We are not suggesting that this should be “the one method” for conducting operational planning; however, it could prove to be a valuable companion method to conventional military planning, and might provide sharper insights into what actions are connected to what parts within the system or area of interest. For those nations actively offering military support to Ukraine, this kind of analysis makes it possible to immediately assess the value of their contributions against those effects sought and those effects achieved.
From this deeper investigation of the operational and strategic environments, we also determined that hybrid approaches and lawfare may be viable strategies to bring to the conflict between Russia and Ukraine. The use of lawfare within the conflict has been disappointing so far, beyond assertions that Putin and his military are routinely committing war crimes. However, there are active efforts to use the law, including maritime law and the seizure of assets, to punish Putin’s wealthy supporters and put pressure on Putin himself. Success against Russian aggression will require creativity, diligence, a clear understanding of the operational and strategic environments, and determination on the part of Ukraine’s allies. These are some of the tools that can help tilt the course of the war in Ukraine’s favour.
About the Authors
Dr. Guy Duczynski is an adjunct senior lecturer at Edith Cowan University. He had over 40 years of service in Special Operations, including two operational tours in the counter-terrorism unit of the Australian Special Air Service and a deployment to Afghanistan, before retiring from military service in 2018. He also served in numerous appointments associated with operations, plans, training, capability development and operational analysis branches. His current research is in influence activities, operational design, campaign planning, faction liaison, information operations, capability development, and special operations, and he lectures regularly to strategic and operational-level planners.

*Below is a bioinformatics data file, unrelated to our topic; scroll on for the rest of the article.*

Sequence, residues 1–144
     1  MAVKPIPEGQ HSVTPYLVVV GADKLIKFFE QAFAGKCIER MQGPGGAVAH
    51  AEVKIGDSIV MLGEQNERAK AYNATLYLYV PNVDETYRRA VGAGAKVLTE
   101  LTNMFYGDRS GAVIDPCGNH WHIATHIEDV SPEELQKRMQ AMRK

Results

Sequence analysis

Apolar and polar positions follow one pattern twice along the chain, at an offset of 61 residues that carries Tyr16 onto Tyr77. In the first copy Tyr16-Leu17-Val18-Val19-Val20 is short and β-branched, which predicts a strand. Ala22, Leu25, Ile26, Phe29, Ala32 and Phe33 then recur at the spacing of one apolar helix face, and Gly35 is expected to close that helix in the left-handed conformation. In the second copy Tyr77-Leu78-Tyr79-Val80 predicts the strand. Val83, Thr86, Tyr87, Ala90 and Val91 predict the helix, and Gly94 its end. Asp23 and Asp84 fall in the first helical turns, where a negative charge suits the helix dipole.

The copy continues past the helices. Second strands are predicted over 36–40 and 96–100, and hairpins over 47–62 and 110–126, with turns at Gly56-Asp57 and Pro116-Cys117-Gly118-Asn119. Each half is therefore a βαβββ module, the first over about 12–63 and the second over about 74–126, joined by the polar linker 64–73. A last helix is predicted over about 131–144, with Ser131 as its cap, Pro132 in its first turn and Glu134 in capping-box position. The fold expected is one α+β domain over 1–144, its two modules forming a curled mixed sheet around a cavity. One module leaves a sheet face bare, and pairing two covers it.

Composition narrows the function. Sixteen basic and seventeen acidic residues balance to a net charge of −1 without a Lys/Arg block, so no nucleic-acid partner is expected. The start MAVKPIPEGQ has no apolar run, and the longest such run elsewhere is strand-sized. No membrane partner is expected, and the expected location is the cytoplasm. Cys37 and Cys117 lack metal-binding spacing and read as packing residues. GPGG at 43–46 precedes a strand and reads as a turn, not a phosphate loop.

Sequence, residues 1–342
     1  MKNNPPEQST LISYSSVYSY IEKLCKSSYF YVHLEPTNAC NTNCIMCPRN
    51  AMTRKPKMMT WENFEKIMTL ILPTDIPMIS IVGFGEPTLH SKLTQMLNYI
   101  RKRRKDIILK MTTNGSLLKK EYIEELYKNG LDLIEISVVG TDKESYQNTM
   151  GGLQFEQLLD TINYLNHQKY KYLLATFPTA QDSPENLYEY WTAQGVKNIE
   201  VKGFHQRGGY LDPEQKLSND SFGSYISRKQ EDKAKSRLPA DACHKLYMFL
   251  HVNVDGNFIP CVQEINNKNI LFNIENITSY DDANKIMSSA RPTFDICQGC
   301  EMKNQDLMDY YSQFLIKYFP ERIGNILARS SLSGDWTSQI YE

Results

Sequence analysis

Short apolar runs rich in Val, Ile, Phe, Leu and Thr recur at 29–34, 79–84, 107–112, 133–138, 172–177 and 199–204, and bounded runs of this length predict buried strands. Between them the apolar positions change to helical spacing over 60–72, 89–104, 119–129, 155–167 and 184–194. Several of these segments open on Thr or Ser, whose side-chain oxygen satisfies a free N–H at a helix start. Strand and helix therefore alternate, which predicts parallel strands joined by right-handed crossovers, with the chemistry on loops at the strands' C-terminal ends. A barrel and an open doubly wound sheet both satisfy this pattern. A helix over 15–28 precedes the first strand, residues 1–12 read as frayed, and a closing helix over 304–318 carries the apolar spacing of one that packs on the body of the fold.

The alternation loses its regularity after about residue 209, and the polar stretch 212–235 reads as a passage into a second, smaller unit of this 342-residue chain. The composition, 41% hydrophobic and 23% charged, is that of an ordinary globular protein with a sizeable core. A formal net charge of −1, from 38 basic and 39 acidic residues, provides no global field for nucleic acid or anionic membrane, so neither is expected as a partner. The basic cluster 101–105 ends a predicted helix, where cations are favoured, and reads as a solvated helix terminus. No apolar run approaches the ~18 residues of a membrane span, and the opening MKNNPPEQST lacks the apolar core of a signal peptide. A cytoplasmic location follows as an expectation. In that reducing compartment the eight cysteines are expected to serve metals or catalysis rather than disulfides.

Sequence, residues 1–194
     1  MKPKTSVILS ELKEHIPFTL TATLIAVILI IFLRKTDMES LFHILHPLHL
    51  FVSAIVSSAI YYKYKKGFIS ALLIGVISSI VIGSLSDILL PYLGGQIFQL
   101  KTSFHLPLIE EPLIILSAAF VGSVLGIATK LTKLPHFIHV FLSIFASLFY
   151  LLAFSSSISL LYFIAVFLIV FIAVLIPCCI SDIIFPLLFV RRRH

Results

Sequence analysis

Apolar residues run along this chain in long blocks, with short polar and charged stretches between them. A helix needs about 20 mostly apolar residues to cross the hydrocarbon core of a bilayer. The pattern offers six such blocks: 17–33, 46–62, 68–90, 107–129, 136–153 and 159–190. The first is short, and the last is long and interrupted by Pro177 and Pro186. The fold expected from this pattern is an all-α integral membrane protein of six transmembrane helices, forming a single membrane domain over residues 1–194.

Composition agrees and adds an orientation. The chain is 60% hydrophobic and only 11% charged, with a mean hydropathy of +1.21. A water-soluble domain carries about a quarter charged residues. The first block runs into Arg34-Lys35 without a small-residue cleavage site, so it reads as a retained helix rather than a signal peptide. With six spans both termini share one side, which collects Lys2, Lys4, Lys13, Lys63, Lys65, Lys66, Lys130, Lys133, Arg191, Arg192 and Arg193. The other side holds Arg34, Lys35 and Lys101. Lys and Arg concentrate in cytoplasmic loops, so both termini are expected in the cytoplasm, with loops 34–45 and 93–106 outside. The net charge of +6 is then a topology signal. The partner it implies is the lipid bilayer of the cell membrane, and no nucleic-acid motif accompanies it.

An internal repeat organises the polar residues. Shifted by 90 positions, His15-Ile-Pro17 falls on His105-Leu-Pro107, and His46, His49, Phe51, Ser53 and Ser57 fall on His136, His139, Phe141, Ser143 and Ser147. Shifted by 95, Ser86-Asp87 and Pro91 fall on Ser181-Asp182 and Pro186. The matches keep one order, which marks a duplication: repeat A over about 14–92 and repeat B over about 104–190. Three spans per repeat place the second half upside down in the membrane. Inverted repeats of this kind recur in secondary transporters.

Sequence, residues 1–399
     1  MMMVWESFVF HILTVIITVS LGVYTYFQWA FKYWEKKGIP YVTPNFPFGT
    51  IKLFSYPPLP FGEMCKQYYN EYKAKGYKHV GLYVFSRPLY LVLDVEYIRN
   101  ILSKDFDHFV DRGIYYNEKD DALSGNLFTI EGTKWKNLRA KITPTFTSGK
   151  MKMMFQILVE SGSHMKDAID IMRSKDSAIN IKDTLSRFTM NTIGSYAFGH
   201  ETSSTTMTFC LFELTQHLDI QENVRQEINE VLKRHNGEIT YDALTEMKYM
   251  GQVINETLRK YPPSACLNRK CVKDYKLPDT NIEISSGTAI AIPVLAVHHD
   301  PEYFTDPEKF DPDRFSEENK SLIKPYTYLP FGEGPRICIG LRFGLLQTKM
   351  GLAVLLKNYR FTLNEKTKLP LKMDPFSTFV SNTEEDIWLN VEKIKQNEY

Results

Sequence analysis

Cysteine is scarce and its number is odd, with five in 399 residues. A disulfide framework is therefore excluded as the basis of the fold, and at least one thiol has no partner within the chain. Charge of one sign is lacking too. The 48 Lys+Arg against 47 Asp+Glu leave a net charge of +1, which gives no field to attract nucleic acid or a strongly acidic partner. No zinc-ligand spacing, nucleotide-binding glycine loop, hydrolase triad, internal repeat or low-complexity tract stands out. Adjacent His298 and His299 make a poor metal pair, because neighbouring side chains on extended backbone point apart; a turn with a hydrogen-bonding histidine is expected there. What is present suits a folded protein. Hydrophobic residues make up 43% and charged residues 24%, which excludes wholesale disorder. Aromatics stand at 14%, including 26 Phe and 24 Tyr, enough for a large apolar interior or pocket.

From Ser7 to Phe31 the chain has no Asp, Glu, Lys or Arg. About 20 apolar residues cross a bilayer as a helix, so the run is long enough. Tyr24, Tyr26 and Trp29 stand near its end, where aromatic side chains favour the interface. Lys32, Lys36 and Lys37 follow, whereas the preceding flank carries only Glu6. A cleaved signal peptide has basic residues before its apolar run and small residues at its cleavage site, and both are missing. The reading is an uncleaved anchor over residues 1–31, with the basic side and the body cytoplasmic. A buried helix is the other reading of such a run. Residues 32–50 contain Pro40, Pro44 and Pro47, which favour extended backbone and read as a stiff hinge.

Dr. Sascha-Dominik Dov Bachmann is a professor of law at the University of Canberra and the co-convenor of its newly established National Security Hub. He is a fellow at NATO SHAPE Brussels, a fellow at the Security Institute for Governance and Leadership in Africa, Faculty of Military Science, Stellenbosch University, and has been a regular visiting lecturer for the Australian Defence Force. He acted as NATO SME (Cyber and Rule of Law) for the 2011 Countering Hybrid Threats Experiment in Tallinn, Estonia and The Hague. Dr. Bachmann is the author of over 80 publications and a regular contributor to NATO's Legal Advisors Workshop Functional Area System (LAWFAS).
Lieutenant Colonel Matthew Smith assumed his current position as Divisional G5 in the Australian Army in 2021. Prior to this appointment he led strategies and concepts at Information Warfare Division and was the Commanding Officer of Task Group Taji in November 2018. Prior to deployment, he was the Commanding Officer of 1st Regiment, Royal Australian Artillery (2017-2018). He has also served in a variety of regimental roles within 4th Regiment, Royal Australian Artillery; instructional roles at the Royal Military College; and staff officer appointments in Headquarters 7th Combat Brigade, United Kingdom Defence Intelligence, and Defence Intelligence Organisation. LTC Smith has served in Cambodia, East Timor, Afghanistan and most recently in Iraq. He holds a Masters of Military Studies from the Australian National University, and a Master of Justice of Strategic Intelligence from Queensland University of Technology.